Open Source

Cisco sued for GPL copyright infringement

The Software Freedom Law Centre (SFLC) has commenced proceedings against Cisco Systems Inc, alleging copyright infringement. The plaintiff argues that Cisco distributed software subject to the General Public License (GPL) without meeting the terms of the popular open source licence. Specifically, FSF alleges that Cisco’s subsidiary Linksys sold networking products containing GPL software without making available the source code to end users, or disclosing the inclusion of embedded GPL code. The suit will probably settle soon:

“Cisco is a strong supporter of open source software. Cisco takes its open source software obligations and responsibilities seriously and is disappointed that a suit has been filed by the Free Software Foundation related to our work with them in our Linksys Division,” said the spokesperson. “We are currently reviewing the issues raised in the suit but believe we are substantially in compliance. We have always worked very closely with the FSF and hope to reach a resolution agreeable to the company and the foundation.”

Linux marches on Microsoft in NSW

IBM and Novell's inking of contracts to formally become members of the NSW government's Linux and open source panel should finally start delivering some real competition in state procurement.

Originally by Commentary |, 10:56 AM

The GPL Impedes Linux More Than It Helps?

Anonymous Coward writes "Linux ought to be even more successful than it is. On ZDNet, Paul Murphy ponders the reasons why. For one thing: The GPL impedes Linux more than it helps. Licensing issues, coupled with patent and copyright FUD, have caused developers and VCs to think twice before committing to Linux.  Read more »

Thirteen nations push for open standards

The New York Times has a piece about a report presented to the World Bank in which officials from 13 countries urge other nations to embrace open IT standards because they can provide "a vital step to accelerate economic growth, efficiency and innovation." The initiative was spearheaded by the Berkman Center for Internet and Society at the Harvard Law School. Among the 13 nations currently involved are Brazil, China, Denmark, India, Jordan and Thailand, and others.  Read more »

Massachusetts Proposes Open Format

Massachusetts has proposed requiring that all state documents and presentations be output in Open Document format, a move that could lead state employees to largely abandon Microsoft Office.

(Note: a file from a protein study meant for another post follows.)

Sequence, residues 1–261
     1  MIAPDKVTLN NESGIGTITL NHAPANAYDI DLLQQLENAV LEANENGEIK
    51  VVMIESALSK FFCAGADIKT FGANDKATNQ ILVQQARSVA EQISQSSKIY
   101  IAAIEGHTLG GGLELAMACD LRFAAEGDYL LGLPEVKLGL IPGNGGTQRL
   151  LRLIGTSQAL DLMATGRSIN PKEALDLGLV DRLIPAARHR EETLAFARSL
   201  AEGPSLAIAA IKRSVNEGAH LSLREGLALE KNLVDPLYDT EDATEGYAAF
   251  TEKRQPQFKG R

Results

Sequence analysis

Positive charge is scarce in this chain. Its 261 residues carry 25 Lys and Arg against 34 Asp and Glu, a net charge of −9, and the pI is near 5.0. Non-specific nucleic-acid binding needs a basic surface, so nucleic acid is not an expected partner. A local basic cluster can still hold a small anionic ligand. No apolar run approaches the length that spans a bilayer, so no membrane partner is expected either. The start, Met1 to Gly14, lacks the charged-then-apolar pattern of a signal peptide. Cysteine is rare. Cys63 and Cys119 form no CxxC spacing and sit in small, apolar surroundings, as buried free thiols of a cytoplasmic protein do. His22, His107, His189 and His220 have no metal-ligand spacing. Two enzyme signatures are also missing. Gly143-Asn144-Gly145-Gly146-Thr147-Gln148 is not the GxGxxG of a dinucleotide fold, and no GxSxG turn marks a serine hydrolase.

Originally by What's News Technology, 11:37 AM

Insurance Policy to Cover IP Infringement in Open Source

Lloyd's of London is close to offering independent insurance protection worldwide against potential IP litigation involving Linux and open source software. The financial services giant has agreed to take on the risk associated with open source, and is finalising arrangements to work through Open Source Risk Management ('OSRM') who will become Lloyd's sole US representative.

Originally by The Register - Software, 2:31 PM  Read more »

Scotland Yard Ditches Open Source Software in Favour of Microsoft Office

‘The Central Scotland Police is removing Sun Microsystems Inc’s StarOffice productivity software from about 400 PCs and switching to Microsoft Corp’s Office System, citing lower maintenance costs and the need to interoperate more smoothly with other departments running Windows.  Read more »

Get The 'Facts' On Linux

In a clear admission that Linux poses a significant threat to Microsoft's corporate supremacy, a new anti-Linux campaign (which, confusingly, is titled "Get the Facts on Windows and Linux�) will do its best to extol the virtues of Microsoft software at the expense of the many free alternatives.

The three major issues on which the campaign focuses are HR costs, operation costs, and speed of development:  Read more »

Mapping the Internet has recently completed an interesting project to map the TCP address layer of the internet. Some 4 294 967 296 (232 for the non-savants) addresses exist, and the project has used some clever reduction techniques (and approximations) to reduce the relevant nodes by 8 orders of magnitude, allowing them to render the image in a mere 2 hours (as compared with several months using previous techniques)!  Read more »

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